Oriental Rug Cleaning by you or
by a Professional?
Placing a nice rug strategically onto a floor can complement its surface in the same way that a picture or mirror does to the face of a wall. We love rugs and I personally think it’s important to spend both time and money when considering the right type of rug for your home, as a quality rug really can make a difference to your interior décor.
Over the years, we’ve had braided area rugs, Mohawk rugs, and more recently, oriental area rugs. But now that we’ve gone over the wooden flooring, do we really want to hide the beauty of the floors with any rug of any size, shape, or description? Additionally, do we need the hassle of Oriental Rug Cleaning on top of maintaining these wood floors?
You see, our living room has very nice hardwood floors, so I wanted to keep them out in the open because of their natural beauty and rustic charm. However, the room did seem a little bare, so my husband and I invested in an oriental rug to make the area warm and cohesive. The rug is absolutely beautiful and it suits the old world style I chose for the design in the living area. The only drawback with such a fine-looking quality piece as this is taking care of it. I mean, rug cleaning machines and other heavy handed area rug cleaning methods may work well on an average rug types, but I think the weave of this one may need some special Oriental rug cleaning methods or approaches so as to protect it.
The main concern we have is that our rug does not suit our toddler who seems to have a vendetta against the thing. Of course, I consulted the Internet about cleaning oriental rugs. This has just led to utter confusion and general fear. If there’s one thing that stood out, that is oriental rug cleaning is no easy task. There are conflicting suggestions posed by a number of different sources. Some urge people to not take the matter in their own hands. They strongly recommend that cleaning oriental rugs should be left to professionals.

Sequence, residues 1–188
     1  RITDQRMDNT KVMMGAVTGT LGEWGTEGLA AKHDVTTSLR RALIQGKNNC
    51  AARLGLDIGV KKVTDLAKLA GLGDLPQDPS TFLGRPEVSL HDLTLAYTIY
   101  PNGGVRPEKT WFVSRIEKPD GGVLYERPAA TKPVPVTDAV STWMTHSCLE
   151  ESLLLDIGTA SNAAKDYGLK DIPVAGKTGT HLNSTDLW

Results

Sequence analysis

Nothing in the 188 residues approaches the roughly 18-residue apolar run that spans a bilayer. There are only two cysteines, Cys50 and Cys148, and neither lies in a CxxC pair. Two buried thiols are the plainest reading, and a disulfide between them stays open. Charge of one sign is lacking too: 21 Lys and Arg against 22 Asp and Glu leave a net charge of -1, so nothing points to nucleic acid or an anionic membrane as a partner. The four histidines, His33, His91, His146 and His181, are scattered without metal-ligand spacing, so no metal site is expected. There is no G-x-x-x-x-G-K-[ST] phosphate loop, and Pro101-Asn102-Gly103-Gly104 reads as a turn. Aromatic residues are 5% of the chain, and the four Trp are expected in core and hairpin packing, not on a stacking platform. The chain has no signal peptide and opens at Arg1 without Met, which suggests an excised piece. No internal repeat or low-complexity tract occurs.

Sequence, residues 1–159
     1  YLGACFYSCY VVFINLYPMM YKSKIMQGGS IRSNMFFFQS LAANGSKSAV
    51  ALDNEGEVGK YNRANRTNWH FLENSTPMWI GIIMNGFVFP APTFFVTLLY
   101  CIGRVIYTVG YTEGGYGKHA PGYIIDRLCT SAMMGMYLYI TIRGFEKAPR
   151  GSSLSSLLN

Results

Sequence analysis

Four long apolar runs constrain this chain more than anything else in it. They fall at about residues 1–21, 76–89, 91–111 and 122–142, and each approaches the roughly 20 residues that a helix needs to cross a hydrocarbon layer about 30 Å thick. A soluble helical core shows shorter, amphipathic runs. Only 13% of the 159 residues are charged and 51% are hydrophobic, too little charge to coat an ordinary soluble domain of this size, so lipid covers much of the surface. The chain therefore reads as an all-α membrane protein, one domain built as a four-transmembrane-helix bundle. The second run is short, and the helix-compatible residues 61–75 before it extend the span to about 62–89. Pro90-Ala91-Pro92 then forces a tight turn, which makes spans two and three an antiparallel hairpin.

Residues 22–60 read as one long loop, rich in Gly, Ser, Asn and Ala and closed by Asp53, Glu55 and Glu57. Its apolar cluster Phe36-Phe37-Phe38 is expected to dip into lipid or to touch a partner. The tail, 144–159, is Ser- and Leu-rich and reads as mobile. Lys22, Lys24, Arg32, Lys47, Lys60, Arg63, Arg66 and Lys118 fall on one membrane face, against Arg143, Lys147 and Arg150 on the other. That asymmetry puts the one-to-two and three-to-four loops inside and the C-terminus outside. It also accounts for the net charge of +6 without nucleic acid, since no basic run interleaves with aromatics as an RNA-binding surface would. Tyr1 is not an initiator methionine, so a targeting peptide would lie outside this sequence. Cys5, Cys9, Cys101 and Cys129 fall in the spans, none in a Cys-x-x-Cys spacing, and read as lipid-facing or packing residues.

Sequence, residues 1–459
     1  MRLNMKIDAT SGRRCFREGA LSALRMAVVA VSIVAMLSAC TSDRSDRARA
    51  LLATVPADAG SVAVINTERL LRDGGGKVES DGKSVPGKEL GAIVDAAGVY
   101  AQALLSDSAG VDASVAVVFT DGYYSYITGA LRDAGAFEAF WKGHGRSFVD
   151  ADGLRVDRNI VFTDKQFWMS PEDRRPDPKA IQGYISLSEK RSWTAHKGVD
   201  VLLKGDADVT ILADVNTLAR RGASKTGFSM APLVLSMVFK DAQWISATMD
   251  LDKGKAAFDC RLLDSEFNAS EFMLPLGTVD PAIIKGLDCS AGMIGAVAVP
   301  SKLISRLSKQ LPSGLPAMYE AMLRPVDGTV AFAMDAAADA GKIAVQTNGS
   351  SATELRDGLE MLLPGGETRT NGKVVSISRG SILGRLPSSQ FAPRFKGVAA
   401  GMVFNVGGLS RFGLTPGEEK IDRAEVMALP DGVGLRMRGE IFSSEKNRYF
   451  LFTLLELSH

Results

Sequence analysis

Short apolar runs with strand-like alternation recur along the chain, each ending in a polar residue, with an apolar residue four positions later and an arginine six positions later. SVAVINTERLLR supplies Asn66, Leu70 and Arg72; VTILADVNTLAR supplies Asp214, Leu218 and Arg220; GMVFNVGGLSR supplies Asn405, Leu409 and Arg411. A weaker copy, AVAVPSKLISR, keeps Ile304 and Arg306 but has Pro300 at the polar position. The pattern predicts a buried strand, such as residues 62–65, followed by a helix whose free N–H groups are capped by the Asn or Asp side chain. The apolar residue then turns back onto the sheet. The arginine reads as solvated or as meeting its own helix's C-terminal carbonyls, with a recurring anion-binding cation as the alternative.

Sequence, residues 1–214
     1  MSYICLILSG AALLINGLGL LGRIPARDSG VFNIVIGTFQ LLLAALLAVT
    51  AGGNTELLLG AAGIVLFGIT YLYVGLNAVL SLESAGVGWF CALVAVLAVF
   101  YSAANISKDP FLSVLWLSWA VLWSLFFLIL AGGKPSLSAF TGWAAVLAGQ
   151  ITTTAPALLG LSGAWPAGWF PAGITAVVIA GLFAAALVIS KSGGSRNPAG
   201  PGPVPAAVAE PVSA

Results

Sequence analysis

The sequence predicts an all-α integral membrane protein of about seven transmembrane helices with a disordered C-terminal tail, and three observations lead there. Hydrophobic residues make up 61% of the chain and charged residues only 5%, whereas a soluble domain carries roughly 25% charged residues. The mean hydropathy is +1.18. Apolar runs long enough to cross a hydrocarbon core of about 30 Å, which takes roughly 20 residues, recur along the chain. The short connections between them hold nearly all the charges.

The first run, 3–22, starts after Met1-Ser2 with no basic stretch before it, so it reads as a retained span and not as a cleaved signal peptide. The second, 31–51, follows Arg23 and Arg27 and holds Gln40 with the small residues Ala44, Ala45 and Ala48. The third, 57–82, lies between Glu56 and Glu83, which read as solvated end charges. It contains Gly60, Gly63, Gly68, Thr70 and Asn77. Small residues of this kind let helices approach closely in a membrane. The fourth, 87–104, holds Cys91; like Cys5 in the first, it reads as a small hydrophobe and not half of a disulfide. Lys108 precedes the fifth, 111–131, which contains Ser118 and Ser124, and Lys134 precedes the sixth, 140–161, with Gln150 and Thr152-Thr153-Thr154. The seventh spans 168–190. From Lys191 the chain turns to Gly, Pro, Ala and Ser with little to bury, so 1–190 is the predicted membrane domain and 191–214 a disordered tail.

Other sources urge the rug owners to address the spill or soil immediately because the spot may become stained beyond help if you wait to take it to a professional. These sources suggest that the stain be treated with a paper towel and plain water immediately to prevent staining. This suggestion makes perfect sense, but I’m apprehensive about cleaning oriental rugs on my own if it leads to disaster. I would hate to take it to a professional just to find out that I ruined the rug by trying to save it.
Through my research on cleaning oriental rugs, I have come to the conclusion that when spills and spots arise, I will address them right away at home. I chose to do this out of shear laziness and profound cheapness. I figure that I will spend more money cleaning oriental rugs professionally than I would on the initial purchase. I understand that they are investments, but I highly doubt that they will pay off if I have them professionally cleaned too often.
There are certain rules and guidelines that I will use to address the inevitable toddler-spots on the floor. First, I will take a breath and run for plain, white paper towels. Cleaning oriental rugs with paper towels that have print will leave marks on the carpet. I will use cold water and mild soap and blot the area without scrubbing. Then the rug will be set out to dry and will not be put back into place until it is completely dry.
Having said that, if you take your rug to a professional cleaner, they may only charge a couple of dollars per square foot, so perhaps it’s not such a bad deal after all. I think the best approach is to find where you nearest Oriental rug cleaning business is before you have any mishaps. This way, you’ll be well prepared in the event of a catastrophe.